The facts were blindingly obvious, claimed the precocious Harvard graduate in his book The Naval War of 1812, or the History of the United States Navy During the Last War with Great Britain. First, in the eternal Darwinian struggle that took place between calculating, egoistic nation-states, it was essential for one country--in this case, the U.S. at the close of the 19th century--to avoid "a miserly economy in preparation for war." And for a state as dependent on sea power as America, it was unthinkable that the nation "rely for defence [sic] upon a navy composed partly of antiquated hulks, and partly of new vessels rather more worthless than the old." The U.S. was rising to world-power status, but it could do so only on the back of a powerful and efficient Navy.
Phew! Who was saying this? The writer in question was none other than Theodore Roosevelt, then a mere 24 years old. He was just a short time out of college when his book was first published, in 1882, but already making waves. Here is one of the few examples in recent history--Churchill is another--of a young, highly ambitious man who could foresee his own impact on the future international order. From early on, Churchill seemed to have possessed a premonition that he would lead his nation and empire in an age of great peril. In much the same way, T.R. appeared destined--and felt destined--to preside over, and manage, the U.S.'s emergence as one of the global great powers. He believed also that his leadership would be decisive because he had understood, before many of his contemporary political rivals and friends, the importance of naval power in buttressing the international position of the U.S.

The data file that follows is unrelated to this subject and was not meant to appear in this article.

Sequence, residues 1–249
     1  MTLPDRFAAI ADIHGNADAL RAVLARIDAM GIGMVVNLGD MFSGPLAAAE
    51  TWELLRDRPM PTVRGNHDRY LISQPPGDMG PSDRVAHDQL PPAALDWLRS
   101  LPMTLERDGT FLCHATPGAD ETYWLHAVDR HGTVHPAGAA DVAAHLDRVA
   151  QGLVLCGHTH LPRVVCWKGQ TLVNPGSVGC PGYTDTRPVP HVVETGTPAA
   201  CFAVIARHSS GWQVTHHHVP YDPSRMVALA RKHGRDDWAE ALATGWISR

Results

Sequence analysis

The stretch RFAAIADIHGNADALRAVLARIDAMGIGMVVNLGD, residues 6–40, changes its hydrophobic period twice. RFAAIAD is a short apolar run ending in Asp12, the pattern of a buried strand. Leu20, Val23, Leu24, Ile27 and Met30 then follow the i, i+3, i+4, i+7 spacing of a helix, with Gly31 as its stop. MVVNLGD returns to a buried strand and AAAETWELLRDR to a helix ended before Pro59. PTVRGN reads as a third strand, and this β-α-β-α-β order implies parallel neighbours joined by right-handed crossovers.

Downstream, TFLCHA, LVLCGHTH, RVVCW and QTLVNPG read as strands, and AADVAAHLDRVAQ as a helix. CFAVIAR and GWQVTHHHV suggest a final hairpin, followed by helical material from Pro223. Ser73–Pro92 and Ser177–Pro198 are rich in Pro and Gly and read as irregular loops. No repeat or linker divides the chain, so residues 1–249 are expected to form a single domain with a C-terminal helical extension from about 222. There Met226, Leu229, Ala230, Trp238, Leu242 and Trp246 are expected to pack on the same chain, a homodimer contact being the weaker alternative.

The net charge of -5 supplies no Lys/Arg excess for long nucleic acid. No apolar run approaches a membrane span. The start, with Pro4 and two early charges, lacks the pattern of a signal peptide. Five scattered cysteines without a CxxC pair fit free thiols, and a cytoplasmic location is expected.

Roosevelt was, for an American, unusually familiar with naval history. Two of his uncles, brothers of his Southern-born mother, had been involved in the Confederate navy in the Civil War. (One of them, James D. Bulloch, was a Confederate naval agent who commissioned the C.S.S. Alabama, the famous commerce raider on which his younger brother Irvine served.) The young Theodore had grown up with stories about earlier naval battles and eagerly read works on the history of war. Yet it would be fair to say that his notions about sea power--build bigger warships, concentrate the fleet--were primitive until the late 1880s, when he was introduced to one of the greatest luminaries of naval thought, Captain Alfred Thayer Mahan. At the time of their first meeting, Mahan, then in his late 40s, was giving lectures at the Naval War College in Newport, R.I., lectures that would culminate in the 1890 publication of his international best seller, The Influence of Sea Power upon History 1660-1783.